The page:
Thursday 27 and Friday 28 September 2018
Université Jean Monnet, Saint-Etienne (CELEC)
The sixties and the seventies marked a turning-point in the evolution of family. Major sociocultural changes undermined certain patterns of gender roles around which traditional families, and the American society at large, were organized. When the Food and Drug Administration approved the first oral contraceptive back in 1960 and the Supreme Court ruled in favor of legal abortion in 1973 (Roe v. Wade), women were given the right to break free from the normative gendered imperatives of the traditional family. Because the cult of domesticity gradually declined, and the crisis imposed the necessity to move from single-income to dual-income families, an unprecedented number of women – wives and mothers included – joined the workforce in the seventies. This shift in social values combined with new legal developments in family law (California for instance adopted the no-fault divorce in 1970) caused a major upheaval in North-American family structures. New behaviors within the family (how couples relate to marriage; the rise of divorces and remarriages; the decrease in the birthrate; the delaying of marriage and parenthood) have delineated new family forms. Today, married couples with children are no longer the norm; they coexist with other family structures such as single-parent, blended, and homoparental families, unmarried parents or childless couples. To adapt to these new realities, a lexical evolution necessarily ensued. Concepts like “living apart together” or “three-parent families” started to spread in order to define new family forms and reflect the changes that have occurred over the past forty years.
Contemporary family was also labeled as “deinstitutionalized” (Andrew Cherlin) or “declining” (David Popenoe). Its plural modalities are evidence of its constantly changing nature. Though broken and splitting apart, is family at threat? Is it doomed to fail because of the erosion of traditional forms? Many observers sound alarmist as to the future of family. According to sociologist John F. Conway, the Canadian family is “in crisis”; as for the media, some predict “The Slow Death of ‘Traditional’ Families in America” (The Atlantic) or go as far as comparing it to “An Endangered and Disappearing Species” (CNSNews). However, in 2010, 98.2% of American respondents told the researchers of the World Value Survey that family was “important” or “very important” in their lives. On social networks, family hashtags have been flourishing (more than 250 million #family). One of the goals of this conference will be to examine and question this gap between a deep attachment to the family unit – whether real or fantasized – and the proclaimed death of family.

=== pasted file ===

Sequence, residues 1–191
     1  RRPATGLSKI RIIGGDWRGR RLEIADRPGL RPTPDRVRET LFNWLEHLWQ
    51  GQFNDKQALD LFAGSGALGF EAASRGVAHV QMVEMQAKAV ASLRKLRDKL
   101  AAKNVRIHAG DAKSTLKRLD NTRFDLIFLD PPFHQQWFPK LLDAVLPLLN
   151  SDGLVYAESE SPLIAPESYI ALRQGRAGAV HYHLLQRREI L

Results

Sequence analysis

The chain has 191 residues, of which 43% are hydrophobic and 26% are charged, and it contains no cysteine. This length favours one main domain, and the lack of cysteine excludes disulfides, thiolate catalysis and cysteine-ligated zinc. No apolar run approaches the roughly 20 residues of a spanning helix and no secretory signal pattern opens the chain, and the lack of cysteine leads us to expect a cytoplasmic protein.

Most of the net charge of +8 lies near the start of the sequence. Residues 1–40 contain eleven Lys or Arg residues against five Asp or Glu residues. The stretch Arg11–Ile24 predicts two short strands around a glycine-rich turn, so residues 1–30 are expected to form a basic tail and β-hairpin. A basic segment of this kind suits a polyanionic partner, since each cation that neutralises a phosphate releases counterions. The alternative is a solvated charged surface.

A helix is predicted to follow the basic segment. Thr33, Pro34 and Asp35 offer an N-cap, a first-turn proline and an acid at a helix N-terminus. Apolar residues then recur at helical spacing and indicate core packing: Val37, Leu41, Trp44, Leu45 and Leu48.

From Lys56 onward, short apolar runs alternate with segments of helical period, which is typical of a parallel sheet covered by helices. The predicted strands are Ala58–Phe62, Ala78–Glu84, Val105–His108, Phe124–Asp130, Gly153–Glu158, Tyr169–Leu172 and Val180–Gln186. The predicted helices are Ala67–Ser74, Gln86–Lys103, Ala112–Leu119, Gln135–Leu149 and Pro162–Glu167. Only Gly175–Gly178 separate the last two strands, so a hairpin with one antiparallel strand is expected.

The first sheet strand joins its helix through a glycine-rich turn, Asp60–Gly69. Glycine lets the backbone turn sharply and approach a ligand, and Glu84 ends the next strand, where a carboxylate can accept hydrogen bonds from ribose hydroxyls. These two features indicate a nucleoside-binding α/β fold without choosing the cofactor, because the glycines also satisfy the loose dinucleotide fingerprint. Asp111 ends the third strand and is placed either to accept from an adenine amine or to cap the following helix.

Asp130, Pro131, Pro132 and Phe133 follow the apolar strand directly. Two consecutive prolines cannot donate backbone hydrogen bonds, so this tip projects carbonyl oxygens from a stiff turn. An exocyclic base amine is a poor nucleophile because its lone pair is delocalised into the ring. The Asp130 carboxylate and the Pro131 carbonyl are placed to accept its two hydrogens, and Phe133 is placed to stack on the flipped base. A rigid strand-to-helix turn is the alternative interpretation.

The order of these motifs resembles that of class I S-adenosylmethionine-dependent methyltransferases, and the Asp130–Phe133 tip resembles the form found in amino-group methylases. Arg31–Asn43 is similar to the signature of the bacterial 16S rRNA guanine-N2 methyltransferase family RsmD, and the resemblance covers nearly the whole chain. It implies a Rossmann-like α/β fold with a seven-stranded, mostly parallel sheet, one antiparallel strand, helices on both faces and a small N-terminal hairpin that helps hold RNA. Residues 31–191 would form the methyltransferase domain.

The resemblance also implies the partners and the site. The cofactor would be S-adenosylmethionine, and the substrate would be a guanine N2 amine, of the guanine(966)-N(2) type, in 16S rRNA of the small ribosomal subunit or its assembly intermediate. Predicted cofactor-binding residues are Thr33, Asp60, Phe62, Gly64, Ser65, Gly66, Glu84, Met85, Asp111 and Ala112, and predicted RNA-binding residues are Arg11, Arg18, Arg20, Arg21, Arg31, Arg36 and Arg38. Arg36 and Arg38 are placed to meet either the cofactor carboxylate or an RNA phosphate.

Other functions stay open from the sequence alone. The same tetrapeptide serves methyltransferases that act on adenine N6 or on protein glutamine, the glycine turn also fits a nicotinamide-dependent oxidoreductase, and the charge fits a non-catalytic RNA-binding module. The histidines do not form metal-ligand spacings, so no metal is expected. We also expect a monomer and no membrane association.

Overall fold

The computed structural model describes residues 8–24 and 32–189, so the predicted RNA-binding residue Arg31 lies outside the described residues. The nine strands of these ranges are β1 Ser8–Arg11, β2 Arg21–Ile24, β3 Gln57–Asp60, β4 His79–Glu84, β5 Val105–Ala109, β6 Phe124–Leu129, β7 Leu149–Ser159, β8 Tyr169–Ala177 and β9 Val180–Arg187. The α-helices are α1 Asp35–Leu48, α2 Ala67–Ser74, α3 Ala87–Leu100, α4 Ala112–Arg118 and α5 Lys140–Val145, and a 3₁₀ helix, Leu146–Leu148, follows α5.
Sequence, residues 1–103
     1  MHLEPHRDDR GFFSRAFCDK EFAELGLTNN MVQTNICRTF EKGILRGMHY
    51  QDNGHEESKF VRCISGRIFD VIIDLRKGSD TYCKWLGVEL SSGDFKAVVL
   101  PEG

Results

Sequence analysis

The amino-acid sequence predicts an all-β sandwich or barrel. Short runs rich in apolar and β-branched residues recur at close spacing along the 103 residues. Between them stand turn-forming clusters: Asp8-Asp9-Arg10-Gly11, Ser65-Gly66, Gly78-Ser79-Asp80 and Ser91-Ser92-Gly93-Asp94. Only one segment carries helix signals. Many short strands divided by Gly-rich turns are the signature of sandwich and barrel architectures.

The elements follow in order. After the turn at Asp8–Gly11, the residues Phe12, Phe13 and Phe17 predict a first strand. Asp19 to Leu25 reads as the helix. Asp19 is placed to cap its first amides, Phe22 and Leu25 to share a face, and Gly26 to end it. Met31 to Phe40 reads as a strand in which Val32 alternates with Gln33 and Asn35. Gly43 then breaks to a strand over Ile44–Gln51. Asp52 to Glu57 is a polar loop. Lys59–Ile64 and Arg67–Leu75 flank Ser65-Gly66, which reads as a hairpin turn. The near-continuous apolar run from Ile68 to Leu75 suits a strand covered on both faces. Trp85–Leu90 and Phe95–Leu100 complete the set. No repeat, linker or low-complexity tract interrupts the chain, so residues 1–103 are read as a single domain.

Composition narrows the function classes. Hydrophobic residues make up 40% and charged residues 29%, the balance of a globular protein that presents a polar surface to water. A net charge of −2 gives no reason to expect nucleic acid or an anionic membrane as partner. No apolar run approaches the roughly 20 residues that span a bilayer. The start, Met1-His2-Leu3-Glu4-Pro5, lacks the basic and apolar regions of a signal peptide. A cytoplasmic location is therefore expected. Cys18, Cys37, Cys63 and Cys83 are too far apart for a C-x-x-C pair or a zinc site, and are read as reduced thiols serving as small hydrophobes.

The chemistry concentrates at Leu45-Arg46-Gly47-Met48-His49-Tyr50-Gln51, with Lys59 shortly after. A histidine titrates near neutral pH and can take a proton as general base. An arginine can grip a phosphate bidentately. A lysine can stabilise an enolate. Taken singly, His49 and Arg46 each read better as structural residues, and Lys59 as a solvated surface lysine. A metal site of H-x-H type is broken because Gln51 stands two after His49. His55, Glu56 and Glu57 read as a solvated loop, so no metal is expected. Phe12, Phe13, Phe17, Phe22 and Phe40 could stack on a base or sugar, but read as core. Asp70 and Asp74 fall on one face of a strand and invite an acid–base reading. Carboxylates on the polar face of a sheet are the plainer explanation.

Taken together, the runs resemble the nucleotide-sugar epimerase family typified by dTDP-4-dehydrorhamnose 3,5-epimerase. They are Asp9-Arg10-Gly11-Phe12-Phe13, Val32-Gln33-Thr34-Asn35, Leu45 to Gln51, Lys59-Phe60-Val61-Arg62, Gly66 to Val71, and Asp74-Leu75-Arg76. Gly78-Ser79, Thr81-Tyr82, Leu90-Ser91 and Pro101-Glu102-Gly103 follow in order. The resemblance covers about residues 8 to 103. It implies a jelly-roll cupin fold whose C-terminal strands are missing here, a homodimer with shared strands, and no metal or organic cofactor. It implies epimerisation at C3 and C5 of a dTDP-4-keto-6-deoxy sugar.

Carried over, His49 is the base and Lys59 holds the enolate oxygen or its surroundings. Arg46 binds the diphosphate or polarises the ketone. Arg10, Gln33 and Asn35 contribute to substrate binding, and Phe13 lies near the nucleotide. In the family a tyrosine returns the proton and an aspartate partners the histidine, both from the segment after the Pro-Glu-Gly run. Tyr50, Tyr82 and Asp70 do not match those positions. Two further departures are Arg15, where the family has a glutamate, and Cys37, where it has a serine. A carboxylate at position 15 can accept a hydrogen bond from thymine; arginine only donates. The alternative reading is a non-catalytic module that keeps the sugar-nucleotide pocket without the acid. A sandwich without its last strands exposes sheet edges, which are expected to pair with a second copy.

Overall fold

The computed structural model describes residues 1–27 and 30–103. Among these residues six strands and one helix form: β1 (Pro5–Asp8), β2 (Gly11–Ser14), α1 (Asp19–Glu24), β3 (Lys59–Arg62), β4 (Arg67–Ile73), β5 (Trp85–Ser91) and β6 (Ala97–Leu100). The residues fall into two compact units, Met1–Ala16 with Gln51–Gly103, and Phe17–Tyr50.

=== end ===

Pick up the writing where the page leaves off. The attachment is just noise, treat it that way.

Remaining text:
The family ideal thus seems to have survived the major sociodemographic transformations and continues to thrive in the North-American imaginary, as contemporary fiction shows through the extraordinary amount of fictional autobiographies and family narratives. Indeed, family has often inspired North-American writers for, in many respects, it has concentrated all the anxieties of a fairly recent literature which has continuously questioned notions of origins and filiation. As a locus of suffering, misfortune, and neurosis, family is more than ever an obsession for contemporary writers. The Lamberts (Jonathan Franzen), the Lisbons (Jeffrey Eugenides), the Raitliffes (Rick Moody) or the Schells (Jonathan Safran Foer) have superseded the Angstroms (John Updike) or the Wapshots (John Cheever) but they remain families riddled with frustrations, secrets and trauma. So, how can we account for the fact that family narratives still endure and have even expanded in contemporary fiction? The approaching new millennium and the inaugural catastrophe of 9/11 that ushered in a new era led writers to turn to the family and portray it as either an idealized unit, a mere invention, or an alienating space. In this temptation to turn inward, how do writers negotiate family history and collective history? Isn’t this eagerness to fictionalize family – sometimes one’s own family – a sign of withdrawal, a reluctance to engage with the other? Does this phenomenon finally come along with a renewal of literary forms and practices? All those questions can be approached through the fiction of contemporary writers like Rick Moody, Jeffrey Eugenides, Nicole Krauss, Junot Diaz, Dave Eggers, Donald Antrim or Miriam Toews to draw up here a non-exhaustive list.
We welcome contributions addressing for instance the following topics:
– Family in contemporary novels, poetry and drama (fictional autobiographies, family narratives, autofictions)
– Family and its transformations; representation of identity and roles within the family
– Religion, class, ethnicity, territory: representations and stereotypes
– Staging the family on the public and political scenes
– Families on screen: in the movies, in TV shows (“Modern Family”, “Brothers and Sisters” etc.) or in reality shows (“Keeping up with the Kardashians”, “Hogan knows best” etc.)
– Staging family life in the visual arts
– Digital family identity et glamorization of family life on social networks (Instagram, family vlogs, parental blogs etc.)
– Family and words (family rhetoric, terminological evolutions, lexical creations etc.)
Papers may be presented either in English or French. Abstracts (around 300 words) along with a short biographical notice should be sent to Marie Moreau (firstname.lastname@example.org) and Sophie Chapuis (email@example.com) by April 23rd, 2018.